Wednesday, June 1, 2011

Jane Austen't.

I think I just don't get Jane Austen. Whenever I encounter passages from her books quoted in other books or articles, or when writers I love write about her, I think, "Wow, that's so good I need to read some Jane Austen." But then I do and I always end up feeling somehow unsatisfied.

I read Pride and Prejudice, and I think Sense and Sensibility though I'm not sure, and I'm struggling through Persuasion right now. It's not a long book and I only have about 30 pages left but I am finding it such a chore, I don't even think I'll finish it. Seriously it's so boring I can hardly make myself sit down and finish it. The story is dull. None of the characters are sympathetic. They're either silly and vain (and we're supposed to not like them) or they're tedious and judgmental and just annoying.

All the things people say Jane Austin is so amazing at: the social observation, the critique of manners, etc., George Eliot does with as much bite and humor as Austin -- and, I would argue, more subtlety -- and her books have passion and warmth, sorrow and beauty. What is it I'm not getting?


Anonymous said...

George is better than Jane. It's just the truth. Sentence for sentence, sentiment for sentiment, insight for insight, book for book, Eliot is the best of the 19th century. Middlemarch is the perfect novel. Austen after Eliot is "howling after music."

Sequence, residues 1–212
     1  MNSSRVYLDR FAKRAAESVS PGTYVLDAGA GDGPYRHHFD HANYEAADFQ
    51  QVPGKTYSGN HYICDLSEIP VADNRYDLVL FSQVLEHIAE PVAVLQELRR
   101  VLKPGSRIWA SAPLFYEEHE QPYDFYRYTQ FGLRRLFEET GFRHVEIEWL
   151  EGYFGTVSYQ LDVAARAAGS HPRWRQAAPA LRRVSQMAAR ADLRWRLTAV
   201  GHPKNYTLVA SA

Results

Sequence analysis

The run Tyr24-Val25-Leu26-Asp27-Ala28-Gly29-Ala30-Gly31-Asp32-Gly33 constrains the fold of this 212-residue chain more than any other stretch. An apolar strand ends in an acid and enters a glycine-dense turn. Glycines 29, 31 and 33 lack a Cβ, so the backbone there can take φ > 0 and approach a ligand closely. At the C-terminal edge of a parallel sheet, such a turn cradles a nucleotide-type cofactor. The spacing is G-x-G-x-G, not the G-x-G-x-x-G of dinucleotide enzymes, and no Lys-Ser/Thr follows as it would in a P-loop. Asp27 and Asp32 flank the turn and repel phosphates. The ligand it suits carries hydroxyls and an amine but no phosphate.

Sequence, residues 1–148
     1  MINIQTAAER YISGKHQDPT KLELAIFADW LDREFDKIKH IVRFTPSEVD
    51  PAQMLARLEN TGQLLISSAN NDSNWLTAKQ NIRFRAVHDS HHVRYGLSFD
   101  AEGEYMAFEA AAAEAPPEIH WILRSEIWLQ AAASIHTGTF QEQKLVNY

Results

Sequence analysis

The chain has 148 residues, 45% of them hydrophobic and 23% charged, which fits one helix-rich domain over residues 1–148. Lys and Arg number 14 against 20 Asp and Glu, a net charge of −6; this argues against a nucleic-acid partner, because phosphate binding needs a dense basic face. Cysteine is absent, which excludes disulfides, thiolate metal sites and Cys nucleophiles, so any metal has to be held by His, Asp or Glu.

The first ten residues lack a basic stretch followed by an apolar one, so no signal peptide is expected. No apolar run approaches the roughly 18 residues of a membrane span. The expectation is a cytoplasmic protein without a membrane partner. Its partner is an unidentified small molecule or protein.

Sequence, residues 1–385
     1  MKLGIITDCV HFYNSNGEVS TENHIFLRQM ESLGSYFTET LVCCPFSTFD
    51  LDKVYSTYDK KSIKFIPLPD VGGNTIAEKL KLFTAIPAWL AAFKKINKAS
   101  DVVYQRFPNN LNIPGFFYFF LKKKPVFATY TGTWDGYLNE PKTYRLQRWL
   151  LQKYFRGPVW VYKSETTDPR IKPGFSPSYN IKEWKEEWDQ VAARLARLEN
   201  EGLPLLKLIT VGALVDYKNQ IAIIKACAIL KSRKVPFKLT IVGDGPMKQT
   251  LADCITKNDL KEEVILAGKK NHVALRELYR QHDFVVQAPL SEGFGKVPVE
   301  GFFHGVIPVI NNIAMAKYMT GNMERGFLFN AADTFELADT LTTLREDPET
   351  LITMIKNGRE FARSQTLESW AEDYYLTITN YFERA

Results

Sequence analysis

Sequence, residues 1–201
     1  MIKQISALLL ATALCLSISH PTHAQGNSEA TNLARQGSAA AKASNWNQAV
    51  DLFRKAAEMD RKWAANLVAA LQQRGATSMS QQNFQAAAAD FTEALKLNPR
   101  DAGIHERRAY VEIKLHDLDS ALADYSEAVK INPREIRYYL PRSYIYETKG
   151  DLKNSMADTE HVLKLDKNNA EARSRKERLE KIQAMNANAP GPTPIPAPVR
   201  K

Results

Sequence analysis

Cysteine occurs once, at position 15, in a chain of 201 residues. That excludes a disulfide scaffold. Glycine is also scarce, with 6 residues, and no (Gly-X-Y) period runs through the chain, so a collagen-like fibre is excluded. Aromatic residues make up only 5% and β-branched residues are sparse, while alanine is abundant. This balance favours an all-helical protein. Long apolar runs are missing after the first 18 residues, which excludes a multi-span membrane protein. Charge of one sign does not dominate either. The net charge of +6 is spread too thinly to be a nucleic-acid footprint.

David W.

Liz B said...

It's funny that you've been reading Austen now -- I just came off a Pride and Prejudice kick. Netflix had an old BBC 5-part version that I saw as a teenager, and that has my still-favorite Darcy and Elizabeth []. And I enjoyed it so much that I read the book again, which I've done many times over the years, and have read everything else of hers as well, even the horrible juvenilia. Since your post I've been wondering why it is that she's so fascinating. I've got a bunch of reasons.

Her women are so constrained by what's right and what's necessary and what's not possible; no matter my situation, I can feel that I am at least more free to take action than the Austen ladies were. And her so-civilized snarky humor still makes me smile, plus I especially love how the poverty-stricken women are forced to retire with only three servants and a small country house. And Darcy is exactly the kind of approval-withholding perfect man to tap into my own mental damage. And finally, every one of the books has a happy ending, so you know good is rewarded in the end, though you may have to suffer in silence a long time first.

All that said, after I finished P&P I started reading Sense and Sensibility again, and got bored a quarter of the way through. I like George Eliot better too -- Adam Bede might be my second-favorite book (after Nabokov's Ada).